Linear Servo Actuators are devices used to rotate or push parts of a machine with precision. These servo actuators are used in variety of applications such as toys, home electronics, automobiles and airplanes. If you own and operate a radio controlled airplane, personal use drone or a remote controlled car then chances are you have operated a servo motor actuator to move levers back and forth to control steering or adjust wing surfaces. A servo motor actuator regulates the speed of a fuel-powered car or aircraft by rotating a shaft connected to the engine throttle. Servo motor actuators are also found in devices we use every day. Servo motors used to move the hard drive head arms in computers are a perfect example of a servo motor found in everyday devices we use.
Another example of a servo motor used in our daily lives are automobiles where servos manage the speed of the vehicle. Much like a volume control button on a radio the gas pedal sends an electrical signal telling the automobile's computer how far down it is pressed. The computer then calculates that information along with other data received from other components and sends a signal to the servo attached to the throttle to adjust the engine speed.
Examples of Servo Motor Actuators. Direct Drive Linear Motor Actuators and Direct Drive Linear Motor Actuators with Encoder
How Do Servo Motor Actuators Work?
A servo system mainly consists of three basic components - a controlled device, a output sensor, a feedback system. This is an automatic closed loop control system. Here instead of controlling a device by applying variable input signal, the device is controlled by a feedback signal generated by comparing output signal and reference input signal.
When reference input signal or command signal is applied to the system, it is compared with output reference signal of the system produced by output sensor, and a third signal produced by feedback system. This third signal acts as input signal of controlled device. This input signal to the device presents as long as there is a logical difference between reference input signal and output signal of the system. After the device achieves its desired output, there will be no longer logical difference between reference input signal and reference output signal of the system. Then, third signal produced by comparing theses above said signals will not remain enough to operate the device further and to produce further output of the system until the next reference input signal or command signal is applied to the system. Hence the primary task of a servomechanism is to maintain the output of a system at the desired value.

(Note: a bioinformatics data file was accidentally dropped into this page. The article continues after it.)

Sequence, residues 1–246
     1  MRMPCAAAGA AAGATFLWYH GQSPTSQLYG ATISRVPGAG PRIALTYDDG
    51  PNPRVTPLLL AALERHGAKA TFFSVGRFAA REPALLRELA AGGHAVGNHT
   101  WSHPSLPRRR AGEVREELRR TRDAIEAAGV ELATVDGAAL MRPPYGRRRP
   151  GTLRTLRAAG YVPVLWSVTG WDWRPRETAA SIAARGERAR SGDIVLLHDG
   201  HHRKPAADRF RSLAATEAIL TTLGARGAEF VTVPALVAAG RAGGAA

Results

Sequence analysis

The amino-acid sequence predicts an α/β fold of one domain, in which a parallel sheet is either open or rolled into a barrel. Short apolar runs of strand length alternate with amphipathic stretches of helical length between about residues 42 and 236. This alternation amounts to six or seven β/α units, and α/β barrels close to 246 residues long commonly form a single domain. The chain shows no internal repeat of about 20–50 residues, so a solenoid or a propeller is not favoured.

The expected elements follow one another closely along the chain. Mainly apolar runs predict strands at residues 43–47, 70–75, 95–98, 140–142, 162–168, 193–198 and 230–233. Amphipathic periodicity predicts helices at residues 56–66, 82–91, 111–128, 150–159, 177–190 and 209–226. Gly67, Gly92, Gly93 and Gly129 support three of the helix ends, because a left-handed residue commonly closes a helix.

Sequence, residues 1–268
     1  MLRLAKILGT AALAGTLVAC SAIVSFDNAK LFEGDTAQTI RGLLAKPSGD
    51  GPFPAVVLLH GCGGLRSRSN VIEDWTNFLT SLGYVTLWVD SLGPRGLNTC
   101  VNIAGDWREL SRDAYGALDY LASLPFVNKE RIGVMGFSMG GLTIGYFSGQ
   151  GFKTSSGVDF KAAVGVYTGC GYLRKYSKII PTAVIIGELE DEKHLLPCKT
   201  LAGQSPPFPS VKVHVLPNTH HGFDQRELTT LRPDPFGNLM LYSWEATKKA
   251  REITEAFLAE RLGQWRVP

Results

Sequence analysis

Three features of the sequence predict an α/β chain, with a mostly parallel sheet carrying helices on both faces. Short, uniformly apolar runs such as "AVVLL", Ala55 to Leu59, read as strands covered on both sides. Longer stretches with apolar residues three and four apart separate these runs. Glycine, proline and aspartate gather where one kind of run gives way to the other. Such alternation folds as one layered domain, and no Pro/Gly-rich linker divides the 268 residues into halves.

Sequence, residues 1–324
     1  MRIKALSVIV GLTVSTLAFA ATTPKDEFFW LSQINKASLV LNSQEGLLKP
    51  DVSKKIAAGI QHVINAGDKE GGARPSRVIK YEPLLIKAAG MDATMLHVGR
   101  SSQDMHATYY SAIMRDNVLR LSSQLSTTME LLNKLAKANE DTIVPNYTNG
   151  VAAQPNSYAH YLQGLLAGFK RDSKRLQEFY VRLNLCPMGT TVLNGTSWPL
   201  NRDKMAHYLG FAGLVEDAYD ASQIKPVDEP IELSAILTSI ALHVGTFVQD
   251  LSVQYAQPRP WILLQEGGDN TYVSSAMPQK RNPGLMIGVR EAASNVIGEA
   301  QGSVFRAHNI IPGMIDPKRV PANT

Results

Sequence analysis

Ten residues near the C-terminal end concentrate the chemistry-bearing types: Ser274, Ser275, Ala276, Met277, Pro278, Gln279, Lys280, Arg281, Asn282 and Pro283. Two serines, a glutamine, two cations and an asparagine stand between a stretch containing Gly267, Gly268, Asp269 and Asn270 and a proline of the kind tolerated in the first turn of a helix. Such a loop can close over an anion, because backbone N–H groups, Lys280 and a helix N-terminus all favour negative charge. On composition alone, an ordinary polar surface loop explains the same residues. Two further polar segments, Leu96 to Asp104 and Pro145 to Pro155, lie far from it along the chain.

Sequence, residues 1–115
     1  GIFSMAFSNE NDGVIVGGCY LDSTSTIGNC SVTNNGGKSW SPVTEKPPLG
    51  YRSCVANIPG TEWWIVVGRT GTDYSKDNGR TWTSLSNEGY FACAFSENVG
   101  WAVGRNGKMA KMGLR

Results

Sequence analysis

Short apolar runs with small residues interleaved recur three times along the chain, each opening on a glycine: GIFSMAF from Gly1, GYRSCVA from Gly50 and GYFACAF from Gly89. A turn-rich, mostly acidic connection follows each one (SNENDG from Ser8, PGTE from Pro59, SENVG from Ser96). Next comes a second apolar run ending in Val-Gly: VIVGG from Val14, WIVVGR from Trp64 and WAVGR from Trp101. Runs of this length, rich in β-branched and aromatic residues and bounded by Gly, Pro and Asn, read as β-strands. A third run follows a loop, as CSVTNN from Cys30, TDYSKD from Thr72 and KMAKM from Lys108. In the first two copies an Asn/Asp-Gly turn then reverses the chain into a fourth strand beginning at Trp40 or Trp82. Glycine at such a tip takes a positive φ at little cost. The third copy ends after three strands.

Selecting The Appropriate Servo Motor Actuator For Your Application:
There are certain questions you must ask yourself before starting a project that uses servo actuators. After looking at your application requirements, you must determine how fast must the servo rotate from one position to another, how hard will it have to push or pull and if overshoot is allowed. Inexpensive servos will have less mechanical power to offer with less precision in their movements. Complicated servos will cost more but will move quicker, pull or push larger loads and move in a more precise manner (in certain cases within less than a 1 micron accuracy).
Controlling a Servo Motor Actuator:
Servo actuators take commands from a series of pulses sent from a motion controller (a computer or a radio). A pulse is a transition from low voltage to high voltage which stays high for a short time, and then returns to low. The servo actuator must be connected to a source of power and the control signal must come from a computer or other circuitry. Each servo actuator's requirements vary from one model to another. A system that passes information based on the width of pulses uses pulse width modulation (or PWM) and is a very common way of controlling motor speeds as well as servo motor posi
Video of a Direct Drive Linear Motor Actuator demonstrating high speeds and high accuracy.
- 27th May 2015